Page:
• Brand/Image Protection
    • Asset Protection
    • Estate Planning
    • Revenue Streams
    • Royalties
    • Merchandising
    • Licensing
    • Live Performances
    • Songwriting
    • Endorsements
    • Travel / Touring
    • Music Creation
    • Marketing / Promotion
    • Wardrobe / Appearance
    • Artist Development
    • Accountant / Financial Planner
    • Financing / Funding
    • Legal Counsel
    • Security Staff
    • Business Manager
    • Publicist / P.R. Firm
    • Artist Management
      • Coordination of Schedule
      • Liaison for Business Affairs
      • Primary Contact for Artist
    • Marketing / P.R.
      • Develop/Maintain Brand
      • Liaison for Media / Interviews
      • Develop/Maintain Promotion
      • Marketing Materials Creation
      • Develop/Maintain Airplay
    • Music Creation
      • Songwriting
      • Musicians / Band Development
      • Studio Work
      • Collaborations
    • Merchandising
      • Develop Brand Merchandise
      • Establish Distribution
      • Live Performances
      • Local Venues
      • Festivals
      • Touring
      • TV/Radio
      • Online Streaming
    • Vocal Coaching
    • Instrument Coaching
    • Vocal/Instrument Practice
    • Dance / Movement Training
    • Diet / Exercise
    • Stage/Performance Training
    • Rehearsals
    • Expanding Music Catalog
    • Acting / Public Speaking Lessons

    • Pro Image
      • Physical Appearance
      • Brand Image
    • Expectations
      • Public Appearances
      • Live Performances
      • Creating More/New Music
      • Training / Practice
      • Industry Networking Events
      • Fan Interaction
      • Maintain Personal Life (free time, family, etc)
      • Working Hours/Time Commitment


    • Family / Friends
    • Media Relations
    • Fan Relations
    • Industry Relations
    • Team Relations (Business, Musicians, Staff, etc.)
    • Core Mentors

    • Family Time
    • Social Friend Time
    • Spiritual Health / Growth
    • Hobbies Outside Music
    • Regular Rest and Separation From Music

    So obviously these "routines" within the life of an artist can seem overwhelming, but it's something that the artist needs to really grasp regarding the entirety of their career. It's a very similar reality athletes go through at the college and professional levels. A lot schools and pro teams spend considerable resources helping the athlete understand life in the career other than on the field. They must grasp the routines expected of them in order to have the most possible success. Without having an understanding of these routines, they will either burn out or have a hard time "loving" what they thought they were getting into.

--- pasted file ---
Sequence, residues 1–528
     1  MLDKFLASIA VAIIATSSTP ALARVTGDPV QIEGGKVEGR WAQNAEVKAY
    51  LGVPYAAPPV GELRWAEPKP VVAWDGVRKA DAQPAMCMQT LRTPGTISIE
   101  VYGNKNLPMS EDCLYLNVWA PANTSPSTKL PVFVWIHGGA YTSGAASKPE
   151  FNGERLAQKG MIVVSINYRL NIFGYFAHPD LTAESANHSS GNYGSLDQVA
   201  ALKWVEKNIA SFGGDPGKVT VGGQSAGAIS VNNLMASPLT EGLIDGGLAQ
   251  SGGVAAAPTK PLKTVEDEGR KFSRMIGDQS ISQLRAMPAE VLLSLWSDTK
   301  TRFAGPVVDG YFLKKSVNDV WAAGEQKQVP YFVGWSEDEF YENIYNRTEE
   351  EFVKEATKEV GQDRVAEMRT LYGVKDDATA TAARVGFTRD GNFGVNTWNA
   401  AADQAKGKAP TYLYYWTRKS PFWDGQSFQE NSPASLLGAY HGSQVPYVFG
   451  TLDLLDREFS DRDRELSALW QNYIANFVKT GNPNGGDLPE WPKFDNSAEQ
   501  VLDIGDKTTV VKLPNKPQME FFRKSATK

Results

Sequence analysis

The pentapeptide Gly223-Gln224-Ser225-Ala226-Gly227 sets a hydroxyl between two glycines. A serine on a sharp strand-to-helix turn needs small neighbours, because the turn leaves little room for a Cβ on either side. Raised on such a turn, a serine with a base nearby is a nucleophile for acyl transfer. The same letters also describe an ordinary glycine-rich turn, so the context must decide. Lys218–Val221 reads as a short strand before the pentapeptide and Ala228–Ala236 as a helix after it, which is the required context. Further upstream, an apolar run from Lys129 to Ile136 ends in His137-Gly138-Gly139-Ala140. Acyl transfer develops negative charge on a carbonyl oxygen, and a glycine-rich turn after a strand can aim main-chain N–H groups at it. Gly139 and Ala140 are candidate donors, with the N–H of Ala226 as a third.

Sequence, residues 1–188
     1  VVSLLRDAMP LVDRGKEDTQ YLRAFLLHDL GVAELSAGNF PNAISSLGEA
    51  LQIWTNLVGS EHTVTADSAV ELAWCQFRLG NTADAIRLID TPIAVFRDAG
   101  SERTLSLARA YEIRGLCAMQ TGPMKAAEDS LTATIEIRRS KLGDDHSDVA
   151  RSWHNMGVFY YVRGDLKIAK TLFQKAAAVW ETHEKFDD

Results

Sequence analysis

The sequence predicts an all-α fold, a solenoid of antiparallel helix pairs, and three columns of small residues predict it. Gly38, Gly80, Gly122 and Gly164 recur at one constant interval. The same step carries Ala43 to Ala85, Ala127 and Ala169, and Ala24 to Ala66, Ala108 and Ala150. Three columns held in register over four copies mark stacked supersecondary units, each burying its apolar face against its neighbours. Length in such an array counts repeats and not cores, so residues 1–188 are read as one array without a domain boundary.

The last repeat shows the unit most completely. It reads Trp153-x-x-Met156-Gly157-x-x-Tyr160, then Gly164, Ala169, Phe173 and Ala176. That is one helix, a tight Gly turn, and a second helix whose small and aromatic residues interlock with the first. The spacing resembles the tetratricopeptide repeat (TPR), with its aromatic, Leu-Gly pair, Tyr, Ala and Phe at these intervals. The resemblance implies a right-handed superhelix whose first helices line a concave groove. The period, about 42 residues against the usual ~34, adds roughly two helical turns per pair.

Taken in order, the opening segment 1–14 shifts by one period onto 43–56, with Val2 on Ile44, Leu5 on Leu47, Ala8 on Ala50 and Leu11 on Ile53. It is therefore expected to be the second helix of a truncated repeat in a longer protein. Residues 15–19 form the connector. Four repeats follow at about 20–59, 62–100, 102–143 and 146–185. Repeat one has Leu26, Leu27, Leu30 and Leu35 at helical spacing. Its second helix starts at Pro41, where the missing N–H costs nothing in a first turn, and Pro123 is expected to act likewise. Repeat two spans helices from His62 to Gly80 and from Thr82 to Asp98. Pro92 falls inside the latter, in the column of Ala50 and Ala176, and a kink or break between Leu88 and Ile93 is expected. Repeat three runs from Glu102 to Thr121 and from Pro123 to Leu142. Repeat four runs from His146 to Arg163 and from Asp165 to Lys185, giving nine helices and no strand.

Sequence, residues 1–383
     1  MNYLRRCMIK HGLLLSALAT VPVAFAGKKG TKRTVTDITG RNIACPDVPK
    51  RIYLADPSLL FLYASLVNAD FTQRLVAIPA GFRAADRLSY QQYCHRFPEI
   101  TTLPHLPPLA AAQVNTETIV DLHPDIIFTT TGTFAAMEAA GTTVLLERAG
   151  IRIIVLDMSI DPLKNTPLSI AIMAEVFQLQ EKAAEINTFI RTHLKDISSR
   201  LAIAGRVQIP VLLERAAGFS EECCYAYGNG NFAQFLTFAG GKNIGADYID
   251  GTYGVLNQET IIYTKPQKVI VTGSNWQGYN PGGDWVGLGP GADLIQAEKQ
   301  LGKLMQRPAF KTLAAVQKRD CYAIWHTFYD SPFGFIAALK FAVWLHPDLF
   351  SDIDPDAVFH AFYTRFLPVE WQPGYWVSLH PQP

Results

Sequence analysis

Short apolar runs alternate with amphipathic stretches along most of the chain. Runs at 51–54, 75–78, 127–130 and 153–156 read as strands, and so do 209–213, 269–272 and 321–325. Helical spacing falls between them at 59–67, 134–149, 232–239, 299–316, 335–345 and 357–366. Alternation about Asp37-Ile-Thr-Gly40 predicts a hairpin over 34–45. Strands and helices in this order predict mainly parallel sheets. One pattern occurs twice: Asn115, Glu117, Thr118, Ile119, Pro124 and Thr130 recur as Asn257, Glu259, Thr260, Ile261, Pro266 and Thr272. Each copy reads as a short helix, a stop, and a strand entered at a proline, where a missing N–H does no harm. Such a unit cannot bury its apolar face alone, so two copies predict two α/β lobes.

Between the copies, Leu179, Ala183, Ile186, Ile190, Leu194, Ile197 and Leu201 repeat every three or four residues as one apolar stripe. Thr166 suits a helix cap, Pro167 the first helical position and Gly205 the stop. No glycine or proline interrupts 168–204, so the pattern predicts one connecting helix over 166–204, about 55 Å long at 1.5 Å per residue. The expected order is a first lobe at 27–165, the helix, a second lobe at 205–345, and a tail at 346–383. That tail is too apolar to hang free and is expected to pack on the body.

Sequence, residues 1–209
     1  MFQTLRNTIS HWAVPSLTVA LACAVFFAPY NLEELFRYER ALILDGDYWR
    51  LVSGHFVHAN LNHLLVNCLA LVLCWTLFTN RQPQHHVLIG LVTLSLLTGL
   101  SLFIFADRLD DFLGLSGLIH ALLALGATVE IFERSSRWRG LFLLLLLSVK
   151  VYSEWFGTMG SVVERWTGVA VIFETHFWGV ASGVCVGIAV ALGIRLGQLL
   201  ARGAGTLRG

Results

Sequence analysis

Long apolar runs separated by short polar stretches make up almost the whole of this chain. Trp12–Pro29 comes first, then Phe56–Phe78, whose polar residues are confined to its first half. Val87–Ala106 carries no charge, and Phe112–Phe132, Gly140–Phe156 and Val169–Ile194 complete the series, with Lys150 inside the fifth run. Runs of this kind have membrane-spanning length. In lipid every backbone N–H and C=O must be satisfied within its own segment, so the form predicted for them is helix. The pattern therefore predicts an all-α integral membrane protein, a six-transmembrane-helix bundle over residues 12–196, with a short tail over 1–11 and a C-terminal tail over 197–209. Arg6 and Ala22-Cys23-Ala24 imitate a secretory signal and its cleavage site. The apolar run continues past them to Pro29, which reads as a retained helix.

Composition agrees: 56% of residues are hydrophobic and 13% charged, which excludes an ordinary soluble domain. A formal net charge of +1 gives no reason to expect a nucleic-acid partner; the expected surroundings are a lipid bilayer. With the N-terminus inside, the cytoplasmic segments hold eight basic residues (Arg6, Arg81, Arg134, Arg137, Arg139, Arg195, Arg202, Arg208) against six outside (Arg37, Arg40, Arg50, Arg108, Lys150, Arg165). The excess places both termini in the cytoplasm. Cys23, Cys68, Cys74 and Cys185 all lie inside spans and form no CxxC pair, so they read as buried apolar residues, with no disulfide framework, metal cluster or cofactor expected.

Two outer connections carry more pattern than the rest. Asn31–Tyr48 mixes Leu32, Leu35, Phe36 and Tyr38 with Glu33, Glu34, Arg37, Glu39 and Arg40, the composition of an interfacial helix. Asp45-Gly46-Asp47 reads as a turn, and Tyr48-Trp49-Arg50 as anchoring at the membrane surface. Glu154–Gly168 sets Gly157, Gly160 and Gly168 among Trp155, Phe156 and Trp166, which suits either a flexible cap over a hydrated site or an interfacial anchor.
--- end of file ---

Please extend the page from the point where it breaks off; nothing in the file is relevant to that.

Record labels, for example, often interview potential roster artists and ask questions about life outside their music performances or the studio. A record label is more interested in knowing if they are investing in a hard-working and smart artist that has routines and works them than they are about a certain sound they may have at the time. Consumers tend to like flavors and then get bored. A label is interested in the long-term picture of an artist they invest in. And that long-term has a lot to do with whether the artist is "living" the artist lifestyle.

    In future posts, I'll be taking each of these ROUTINES under a microscope and hopefully help you understand strategies to achieve them.


    As a lifelong sales and marketing professional, my job has always been to present a product or service to the targeted customer and then get them to buy it. That's essentially the underlying goal of any artist. They are selling a product to a buyer (the fan).

    Like any product or service in the market, you have to really analyze the marketplace and understand the opportunity.  Too often, young artists and parents are looking at things through emotion more than logic. Hearing your child's voice melt your and other people's hearts is very emotional. It's very easy to get sucked into believing they are a prodigy or the next big thing to hit the music scene. This is often why American Idol showed auditions of people who said their friends and family really believe in their ability. To us, it was laughable, but to that singer, it was their entire foundation of belief in their voice. Mom and grandma love it, so should you.